Last weekend’s WONDERCON 2010 show was the first time I have ever exhibited in SMALL PRESS and also the first time exhibiting solo (my longtime booth-partner Rhode now lives in New York) So it was a smaller space overall (an 8 foot table instead of the 10 footer at the full-size booths) but more room to display NERVE BOMB COMICS than ever before.
I put a lot of thought into planning how to display all this stuff. Even with the extra space dividend (now that I get the entire table to myself) it is hard to display all the bits and pieces I have producedover the years, now including the stuff I produced for this show; 7 new buttons, and 40 new prints (ten 11×14 designs, ten 8.5×11 designs and twenty designs at the NEW size of 5×7). The prints in particular present something of a conundrum to display in such a limited space, especially the variety of designs that I have now. Some exhibitors bring wire frames to hang the artwork, or other heavy, bulky display cases but I am determined to use only lightweight and modular displays so that I can take the show on the road as much as possible.
I am quite happy with the solution that I came up with this time around, which was to use a daisy-chain of clips to hang prints from the back-drape (between the two banners I had made for EMERALD CITY) and have a fetching booth-babe stand in front of them as an eyeball-trap… What a marketing genius I am, to be sure.
I need to think of a different solution for those shows where there is no drape (such as APE) so I will most likely make myself one of the PVC pipe display frames I see other people use. I didn’t get a new book done this time around but I have not given up on the idea that a mini-comic may get done in time for COMIC CON. Lately I have been puting more effort into PRINTS than comics… It is always tricky to trade off the months of work that drawing a book takes, and the low price that they sell for, against the ease of selling one single image over and over at a relatively higher price (a comic takes months for one person to make and sells for $3-$5 and a print may take as little as a day to make and sells for $20).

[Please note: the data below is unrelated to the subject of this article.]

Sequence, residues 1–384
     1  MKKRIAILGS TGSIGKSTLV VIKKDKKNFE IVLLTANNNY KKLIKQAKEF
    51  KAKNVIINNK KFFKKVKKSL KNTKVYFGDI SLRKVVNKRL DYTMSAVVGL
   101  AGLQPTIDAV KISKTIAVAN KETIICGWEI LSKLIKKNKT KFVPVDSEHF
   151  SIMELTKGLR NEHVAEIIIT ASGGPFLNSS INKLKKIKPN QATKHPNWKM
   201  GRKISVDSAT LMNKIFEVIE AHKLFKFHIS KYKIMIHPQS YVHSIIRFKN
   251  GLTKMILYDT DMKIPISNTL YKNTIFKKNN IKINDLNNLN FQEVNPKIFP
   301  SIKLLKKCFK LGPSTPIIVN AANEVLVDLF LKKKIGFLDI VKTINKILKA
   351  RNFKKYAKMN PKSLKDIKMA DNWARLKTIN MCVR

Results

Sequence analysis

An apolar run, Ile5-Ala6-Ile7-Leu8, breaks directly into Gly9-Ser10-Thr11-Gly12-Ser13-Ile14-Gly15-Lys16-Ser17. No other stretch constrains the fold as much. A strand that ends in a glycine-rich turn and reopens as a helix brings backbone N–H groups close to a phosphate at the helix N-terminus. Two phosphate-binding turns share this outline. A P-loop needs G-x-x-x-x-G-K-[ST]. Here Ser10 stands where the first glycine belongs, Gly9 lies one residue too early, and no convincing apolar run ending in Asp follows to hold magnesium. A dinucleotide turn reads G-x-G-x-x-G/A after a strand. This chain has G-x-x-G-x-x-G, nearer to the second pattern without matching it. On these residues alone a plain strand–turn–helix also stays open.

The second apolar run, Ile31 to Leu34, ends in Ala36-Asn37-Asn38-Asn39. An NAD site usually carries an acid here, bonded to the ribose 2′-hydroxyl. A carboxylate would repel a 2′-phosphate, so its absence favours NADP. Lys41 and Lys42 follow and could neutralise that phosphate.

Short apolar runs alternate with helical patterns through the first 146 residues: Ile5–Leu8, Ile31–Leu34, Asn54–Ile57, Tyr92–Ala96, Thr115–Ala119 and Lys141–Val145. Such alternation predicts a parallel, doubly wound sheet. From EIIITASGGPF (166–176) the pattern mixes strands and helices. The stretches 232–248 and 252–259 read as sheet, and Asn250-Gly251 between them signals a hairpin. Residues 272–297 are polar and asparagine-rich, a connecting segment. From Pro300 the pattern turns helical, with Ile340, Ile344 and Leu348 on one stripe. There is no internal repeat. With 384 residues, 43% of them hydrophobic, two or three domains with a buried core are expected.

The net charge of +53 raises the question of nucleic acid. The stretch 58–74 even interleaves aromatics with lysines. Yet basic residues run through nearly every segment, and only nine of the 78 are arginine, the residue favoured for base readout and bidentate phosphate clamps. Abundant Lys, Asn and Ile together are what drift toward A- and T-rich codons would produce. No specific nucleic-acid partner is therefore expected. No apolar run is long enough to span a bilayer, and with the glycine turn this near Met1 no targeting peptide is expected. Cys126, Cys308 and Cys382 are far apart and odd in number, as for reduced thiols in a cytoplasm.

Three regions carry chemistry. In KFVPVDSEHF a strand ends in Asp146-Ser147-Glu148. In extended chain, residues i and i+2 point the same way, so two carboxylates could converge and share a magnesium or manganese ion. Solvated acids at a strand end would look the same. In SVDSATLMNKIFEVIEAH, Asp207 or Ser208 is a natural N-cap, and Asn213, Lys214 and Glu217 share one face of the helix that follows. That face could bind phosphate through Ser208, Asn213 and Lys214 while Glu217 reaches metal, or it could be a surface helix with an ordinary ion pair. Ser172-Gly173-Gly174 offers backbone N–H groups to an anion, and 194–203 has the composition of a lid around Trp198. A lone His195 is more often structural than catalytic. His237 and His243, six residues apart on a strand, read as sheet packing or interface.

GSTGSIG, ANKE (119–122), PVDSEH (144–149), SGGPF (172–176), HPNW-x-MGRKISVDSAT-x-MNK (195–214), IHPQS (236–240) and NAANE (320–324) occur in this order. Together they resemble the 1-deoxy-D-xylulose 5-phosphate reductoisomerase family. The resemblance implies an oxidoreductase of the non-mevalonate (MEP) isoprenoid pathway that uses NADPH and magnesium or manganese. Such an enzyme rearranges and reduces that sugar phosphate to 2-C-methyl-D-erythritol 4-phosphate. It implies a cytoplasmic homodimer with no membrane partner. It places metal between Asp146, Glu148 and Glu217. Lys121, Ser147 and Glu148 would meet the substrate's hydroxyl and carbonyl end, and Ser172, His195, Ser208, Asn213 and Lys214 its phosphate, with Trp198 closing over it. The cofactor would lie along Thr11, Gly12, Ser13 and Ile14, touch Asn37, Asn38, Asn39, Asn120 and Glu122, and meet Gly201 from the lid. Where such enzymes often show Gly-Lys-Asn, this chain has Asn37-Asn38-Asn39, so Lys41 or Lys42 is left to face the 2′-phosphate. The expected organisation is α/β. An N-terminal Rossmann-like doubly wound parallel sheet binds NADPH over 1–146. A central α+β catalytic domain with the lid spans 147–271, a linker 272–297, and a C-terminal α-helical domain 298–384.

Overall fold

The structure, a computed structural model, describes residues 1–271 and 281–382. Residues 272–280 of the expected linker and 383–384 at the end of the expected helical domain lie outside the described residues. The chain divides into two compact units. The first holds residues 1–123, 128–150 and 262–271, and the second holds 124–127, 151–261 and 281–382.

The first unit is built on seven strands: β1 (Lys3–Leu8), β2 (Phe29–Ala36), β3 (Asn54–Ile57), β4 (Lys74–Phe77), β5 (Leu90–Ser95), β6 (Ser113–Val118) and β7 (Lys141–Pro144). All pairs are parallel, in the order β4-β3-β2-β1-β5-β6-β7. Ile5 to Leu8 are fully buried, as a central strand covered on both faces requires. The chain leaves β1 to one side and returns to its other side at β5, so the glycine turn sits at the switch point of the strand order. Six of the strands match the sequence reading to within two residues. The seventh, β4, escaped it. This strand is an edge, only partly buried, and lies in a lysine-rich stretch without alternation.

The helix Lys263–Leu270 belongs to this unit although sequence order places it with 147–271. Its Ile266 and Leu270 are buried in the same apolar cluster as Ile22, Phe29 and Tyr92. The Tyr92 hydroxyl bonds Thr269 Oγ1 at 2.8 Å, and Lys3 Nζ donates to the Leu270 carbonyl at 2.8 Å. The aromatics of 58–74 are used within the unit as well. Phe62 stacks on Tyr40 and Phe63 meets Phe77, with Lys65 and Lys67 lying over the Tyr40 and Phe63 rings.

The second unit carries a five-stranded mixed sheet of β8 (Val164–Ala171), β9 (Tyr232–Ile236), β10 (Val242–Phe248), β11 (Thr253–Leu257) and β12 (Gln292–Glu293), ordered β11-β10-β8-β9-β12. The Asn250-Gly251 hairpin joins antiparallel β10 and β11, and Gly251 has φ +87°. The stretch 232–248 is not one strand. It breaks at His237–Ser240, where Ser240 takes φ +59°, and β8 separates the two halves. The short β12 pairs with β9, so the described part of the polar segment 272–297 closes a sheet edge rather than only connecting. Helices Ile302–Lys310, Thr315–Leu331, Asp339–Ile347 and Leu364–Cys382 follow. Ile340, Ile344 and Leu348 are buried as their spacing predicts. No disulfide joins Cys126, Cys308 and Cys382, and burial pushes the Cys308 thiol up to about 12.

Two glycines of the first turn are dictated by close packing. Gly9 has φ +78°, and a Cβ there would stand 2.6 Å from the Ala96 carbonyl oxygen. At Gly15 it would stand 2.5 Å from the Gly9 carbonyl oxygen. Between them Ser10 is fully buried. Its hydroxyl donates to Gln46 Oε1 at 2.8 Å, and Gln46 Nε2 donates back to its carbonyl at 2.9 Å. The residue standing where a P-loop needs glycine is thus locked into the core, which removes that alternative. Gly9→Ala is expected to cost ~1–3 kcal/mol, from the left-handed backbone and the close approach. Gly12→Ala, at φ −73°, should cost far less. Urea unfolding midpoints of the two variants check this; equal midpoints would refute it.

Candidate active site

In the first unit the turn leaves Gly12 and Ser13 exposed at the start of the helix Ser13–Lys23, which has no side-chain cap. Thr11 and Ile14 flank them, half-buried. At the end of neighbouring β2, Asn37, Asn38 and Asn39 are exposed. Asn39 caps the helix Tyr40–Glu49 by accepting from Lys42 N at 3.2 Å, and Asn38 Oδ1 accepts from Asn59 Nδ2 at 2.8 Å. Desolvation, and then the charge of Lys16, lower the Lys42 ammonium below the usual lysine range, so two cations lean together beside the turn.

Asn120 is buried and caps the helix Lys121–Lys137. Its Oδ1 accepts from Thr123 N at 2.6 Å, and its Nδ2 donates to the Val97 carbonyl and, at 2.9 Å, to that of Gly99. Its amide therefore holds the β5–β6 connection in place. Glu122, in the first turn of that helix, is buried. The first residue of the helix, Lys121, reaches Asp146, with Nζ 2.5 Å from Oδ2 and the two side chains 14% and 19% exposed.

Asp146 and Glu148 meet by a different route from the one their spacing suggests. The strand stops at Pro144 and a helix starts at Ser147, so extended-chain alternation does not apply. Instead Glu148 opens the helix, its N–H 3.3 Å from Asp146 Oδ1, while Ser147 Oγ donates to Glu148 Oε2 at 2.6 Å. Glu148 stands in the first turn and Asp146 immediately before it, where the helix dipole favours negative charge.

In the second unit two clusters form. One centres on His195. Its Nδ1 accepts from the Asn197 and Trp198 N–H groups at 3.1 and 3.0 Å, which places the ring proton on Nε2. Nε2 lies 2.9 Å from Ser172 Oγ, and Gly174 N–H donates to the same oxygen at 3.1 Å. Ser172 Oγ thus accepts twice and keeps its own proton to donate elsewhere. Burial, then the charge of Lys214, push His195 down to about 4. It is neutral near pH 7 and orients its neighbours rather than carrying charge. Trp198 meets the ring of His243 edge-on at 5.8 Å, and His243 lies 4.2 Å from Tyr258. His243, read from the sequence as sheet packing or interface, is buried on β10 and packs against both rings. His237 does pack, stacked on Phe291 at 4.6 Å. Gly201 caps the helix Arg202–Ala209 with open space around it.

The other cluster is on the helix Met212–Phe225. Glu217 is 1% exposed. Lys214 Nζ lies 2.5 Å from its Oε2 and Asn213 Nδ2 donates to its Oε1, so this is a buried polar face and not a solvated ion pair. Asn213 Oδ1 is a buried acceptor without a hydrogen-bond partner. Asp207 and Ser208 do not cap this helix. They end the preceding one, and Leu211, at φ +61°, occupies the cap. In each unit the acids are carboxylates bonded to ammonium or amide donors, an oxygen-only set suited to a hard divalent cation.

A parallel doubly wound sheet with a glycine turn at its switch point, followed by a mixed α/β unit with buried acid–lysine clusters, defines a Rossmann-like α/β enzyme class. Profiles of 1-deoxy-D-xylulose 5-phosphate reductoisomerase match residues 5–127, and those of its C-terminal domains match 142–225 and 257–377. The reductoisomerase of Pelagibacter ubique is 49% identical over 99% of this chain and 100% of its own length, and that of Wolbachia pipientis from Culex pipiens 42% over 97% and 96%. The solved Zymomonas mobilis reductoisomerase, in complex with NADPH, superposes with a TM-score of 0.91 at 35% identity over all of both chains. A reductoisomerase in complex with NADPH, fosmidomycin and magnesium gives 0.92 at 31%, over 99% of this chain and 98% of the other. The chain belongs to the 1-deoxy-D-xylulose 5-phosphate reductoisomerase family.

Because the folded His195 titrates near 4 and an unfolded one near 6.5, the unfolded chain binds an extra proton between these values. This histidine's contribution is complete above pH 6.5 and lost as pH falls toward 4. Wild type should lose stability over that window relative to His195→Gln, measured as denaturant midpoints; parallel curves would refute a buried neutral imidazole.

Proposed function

While I would like these things to at least pay for themselves I do not want to be driven away from what I want to do in an effort to pander to “market forces”. Likewise, I’d prefer to have more people come and actually look at the artwork (rather than just walk on by) So I will do as much as I can to make the display appealing, but I don’t beat myself up if people move on to something else. Failing on my own terms is what it is all about.